1. The center of all US high tech development would be the Research Triangle of North Carolina. As we now know, it is McCann's Irish Bar on 49th and 8th in New York. Ok...I keeed. It's in Silicon Valley. 
  2. We would still use tape to record things. Even back then in 1983 people were talking about the use of chips and compression for storage. It’s most jarring when someone in the movie actually splices the tape using an edit block and scissors!
  3. There would be less traffic, wherein rush hour would consist of one guy on a recumbent bike. Need I comment? Also the cars in this film are all late ’70’s clunkers. Wasn’t THAT in the budget?
  4. People would still be chain smoking at the office. Well, it does take place in North Carolina, so we need to give them a pass on that one.

Douglas Trumbull had made his name in Hollywood in the world of special effects. His resume includes some of the greatest and most innovative films of the genre, including “2001”, “Close Encounters”, “Blade Runner” and “Star Trek; The Motion Picture”. 

He gets so many things right in “Brainstorm”, and so many things wrong. The tension in certain scenes is squirmy good. I’m thinking in particular the death scene of Lillian Reynolds, and the moment when the Braces’ son puts on headgear not aware that he will be experiencing the world through a paranoid schizophrenic. However, in the latter sequence, Trumbull glosses over this quickly, the boy never reacting to the experience as a mad person would. Afterwards, you don’t see him disturbed, you merely hear about it from the doctors. In fact, other than the heart attack, many of the punches are pulled. If this film were remade, that would be the first change made; the audience would have to experience in full intensity the horrors and pleasures of this technology.

Trumbull uses convex lens to give the audience the sense that they are viewing things through the headgear, and then drops that pretense near the end. That’s weird and unsettling. He also has something akin to a TV test pattern to start the film during credits, which you later realize is the first transmission between people; one looking at the pattern, the other seeing it via the headgear. 
Really? Whose idea was that? A few minutes later, the transmitting person eats a bizarre combo of foods that our receiver correctly identifies. But since this is a full sensory transmission, why couldn’t the receiver hear and see what was being ingested?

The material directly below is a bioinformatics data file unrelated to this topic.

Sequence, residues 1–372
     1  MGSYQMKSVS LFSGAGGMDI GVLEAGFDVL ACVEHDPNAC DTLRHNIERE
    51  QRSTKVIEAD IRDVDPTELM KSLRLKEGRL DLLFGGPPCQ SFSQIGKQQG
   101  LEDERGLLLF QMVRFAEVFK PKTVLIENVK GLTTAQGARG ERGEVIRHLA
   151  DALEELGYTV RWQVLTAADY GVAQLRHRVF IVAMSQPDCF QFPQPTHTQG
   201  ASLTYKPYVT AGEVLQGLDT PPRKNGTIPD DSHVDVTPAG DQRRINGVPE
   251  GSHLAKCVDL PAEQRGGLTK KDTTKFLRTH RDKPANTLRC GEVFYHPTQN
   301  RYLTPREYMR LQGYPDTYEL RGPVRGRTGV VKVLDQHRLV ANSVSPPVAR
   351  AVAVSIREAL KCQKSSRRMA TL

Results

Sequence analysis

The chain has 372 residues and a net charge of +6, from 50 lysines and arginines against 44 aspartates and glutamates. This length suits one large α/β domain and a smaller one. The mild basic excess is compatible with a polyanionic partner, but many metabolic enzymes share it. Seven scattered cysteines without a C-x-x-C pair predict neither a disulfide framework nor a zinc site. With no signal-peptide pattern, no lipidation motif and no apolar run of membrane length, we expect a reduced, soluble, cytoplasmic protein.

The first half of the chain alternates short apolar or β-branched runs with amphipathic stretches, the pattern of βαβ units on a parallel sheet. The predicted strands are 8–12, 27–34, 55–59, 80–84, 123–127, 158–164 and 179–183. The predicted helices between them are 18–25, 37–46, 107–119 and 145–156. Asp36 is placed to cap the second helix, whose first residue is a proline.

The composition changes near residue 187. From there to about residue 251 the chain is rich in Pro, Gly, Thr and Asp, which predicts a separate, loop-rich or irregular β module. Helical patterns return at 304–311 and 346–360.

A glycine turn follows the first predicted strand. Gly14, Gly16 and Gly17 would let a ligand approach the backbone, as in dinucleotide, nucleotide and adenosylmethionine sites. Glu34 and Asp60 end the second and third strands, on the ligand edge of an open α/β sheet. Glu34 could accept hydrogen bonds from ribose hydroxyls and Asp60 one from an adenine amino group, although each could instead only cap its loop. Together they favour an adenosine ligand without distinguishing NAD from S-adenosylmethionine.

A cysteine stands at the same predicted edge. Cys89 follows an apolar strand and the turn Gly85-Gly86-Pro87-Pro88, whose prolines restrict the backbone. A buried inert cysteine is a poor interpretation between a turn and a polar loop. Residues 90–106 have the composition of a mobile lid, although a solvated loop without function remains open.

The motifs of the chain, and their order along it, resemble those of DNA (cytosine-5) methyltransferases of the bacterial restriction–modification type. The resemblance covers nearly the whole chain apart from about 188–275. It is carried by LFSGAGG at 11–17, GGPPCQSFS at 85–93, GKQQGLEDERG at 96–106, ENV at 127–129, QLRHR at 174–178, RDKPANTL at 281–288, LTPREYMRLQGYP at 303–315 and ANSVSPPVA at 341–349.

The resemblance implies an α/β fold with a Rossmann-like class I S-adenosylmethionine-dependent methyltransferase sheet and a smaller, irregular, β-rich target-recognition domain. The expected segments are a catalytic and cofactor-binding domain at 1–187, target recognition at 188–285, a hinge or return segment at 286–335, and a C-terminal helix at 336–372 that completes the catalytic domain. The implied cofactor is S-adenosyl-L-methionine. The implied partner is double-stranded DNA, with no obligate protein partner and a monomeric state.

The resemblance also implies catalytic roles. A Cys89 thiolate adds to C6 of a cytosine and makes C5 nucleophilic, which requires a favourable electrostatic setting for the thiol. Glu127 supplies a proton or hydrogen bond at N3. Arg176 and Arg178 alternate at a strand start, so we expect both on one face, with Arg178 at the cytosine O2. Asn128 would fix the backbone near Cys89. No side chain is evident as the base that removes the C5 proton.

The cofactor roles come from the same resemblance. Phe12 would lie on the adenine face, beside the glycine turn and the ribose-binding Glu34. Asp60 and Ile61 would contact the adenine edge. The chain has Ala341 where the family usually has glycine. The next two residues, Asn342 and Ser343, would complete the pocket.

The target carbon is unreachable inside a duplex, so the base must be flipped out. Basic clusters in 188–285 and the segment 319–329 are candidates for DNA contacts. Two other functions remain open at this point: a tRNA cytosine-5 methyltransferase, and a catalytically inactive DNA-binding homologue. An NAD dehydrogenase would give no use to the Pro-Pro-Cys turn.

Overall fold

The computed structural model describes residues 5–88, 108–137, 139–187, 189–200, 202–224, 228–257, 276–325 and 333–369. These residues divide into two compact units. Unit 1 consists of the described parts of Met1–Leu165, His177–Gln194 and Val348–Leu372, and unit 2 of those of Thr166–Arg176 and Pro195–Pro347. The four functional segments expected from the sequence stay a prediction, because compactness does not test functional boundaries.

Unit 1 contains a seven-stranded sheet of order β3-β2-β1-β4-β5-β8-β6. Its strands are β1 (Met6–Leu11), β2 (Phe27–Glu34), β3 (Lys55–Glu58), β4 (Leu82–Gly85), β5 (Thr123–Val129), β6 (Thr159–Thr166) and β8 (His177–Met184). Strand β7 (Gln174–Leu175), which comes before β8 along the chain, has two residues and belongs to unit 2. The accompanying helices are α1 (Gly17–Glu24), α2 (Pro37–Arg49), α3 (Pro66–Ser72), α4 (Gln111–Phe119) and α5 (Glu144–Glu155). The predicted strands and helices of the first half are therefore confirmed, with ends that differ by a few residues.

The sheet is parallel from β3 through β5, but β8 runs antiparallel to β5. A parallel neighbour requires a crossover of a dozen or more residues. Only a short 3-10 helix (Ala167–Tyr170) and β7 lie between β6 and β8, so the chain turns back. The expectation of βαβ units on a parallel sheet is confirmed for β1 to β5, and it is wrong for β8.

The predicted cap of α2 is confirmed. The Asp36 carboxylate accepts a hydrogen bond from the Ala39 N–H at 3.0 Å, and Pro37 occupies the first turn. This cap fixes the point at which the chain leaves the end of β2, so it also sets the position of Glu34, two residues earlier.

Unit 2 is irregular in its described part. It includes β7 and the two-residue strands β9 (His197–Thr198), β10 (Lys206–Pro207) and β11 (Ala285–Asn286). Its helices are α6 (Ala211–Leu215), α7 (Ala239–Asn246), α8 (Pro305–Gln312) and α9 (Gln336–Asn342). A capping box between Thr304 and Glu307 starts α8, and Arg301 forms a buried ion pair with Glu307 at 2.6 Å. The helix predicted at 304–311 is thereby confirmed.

Overall the effects are well done as you would expect. Yet there is nothing transformative, nothing that sticks out as totally fresh and different the way his previous work had. I’m thinking of stuff like “The Infinite and Beyond” sequence in “2001”, or the amazing (if incredibly slow-paced) effects in “Star Trek”. 

Probably the worst scene comes at the climax, when the Braces have rigged the lab for chaos in order for Michael to experience the full length of Lillian’s crossing over tape. This sequence turns into a bad slapstick comedy with security officers facing off against robot arms and slipping on ball bearings, with soap suds everywhere. At another time in the film, it would have been fine, but at this point we are trying to find out the meaning of LIFE and DEATH, for Pete’s sake!!! 

The last 30 minutes of the film feel like that last part of the roller coaster, after the big drop and the crazy loops, when you have already had your thrills and are now wondering when it will stop. 


As Michael, Walken has his moments of Walken-ness, but they are thankfully few and far between. We are supposed to believe that he is a scientist, a calm and thoroughly reasonable soul. In one scene, he goes full on confrontational and we get to see the real Christopher. It’s perfectly utilized and fully believable when you understand that it is an act. So, yes— Christopher Walken has range. Or at least HAD range. 

Natalie Wood’s portrayal of Karen shows some roundness of character. She is part of the design team, and has to work with her estranged husband. She is the calmer of the two (shocker), but shows much passion when they reconcile. I don’t really see any effect of her death on the portrayal….it seems that all of her scenes that should have been in there are there. It’s not a terribly meaty part, but she plays it with full conviction. 

Louise Fletcher was 8 years removed from her Oscar winning achievement as Nurse Ratched in “One Flew Over the Cuckoo’s Nest”. The interim was not a series of great roles, sadly. When this part came around, she ran with it, and is the real reason other than the actual theme of “Brainstorm” to watch the movie. She is back in form, with a very convincing turn as the chain-smoking scientist who hates that her breakthrough will be used for something nefarious. Early on, she is poorly served by some bad continuity, wherein she lights about 4 cigarettes in a 2 minute span. I know they are trying to show why she would sustain a heart attack at such a young age, but really? Some comments I read complained about her death scene, but I felt it was superb.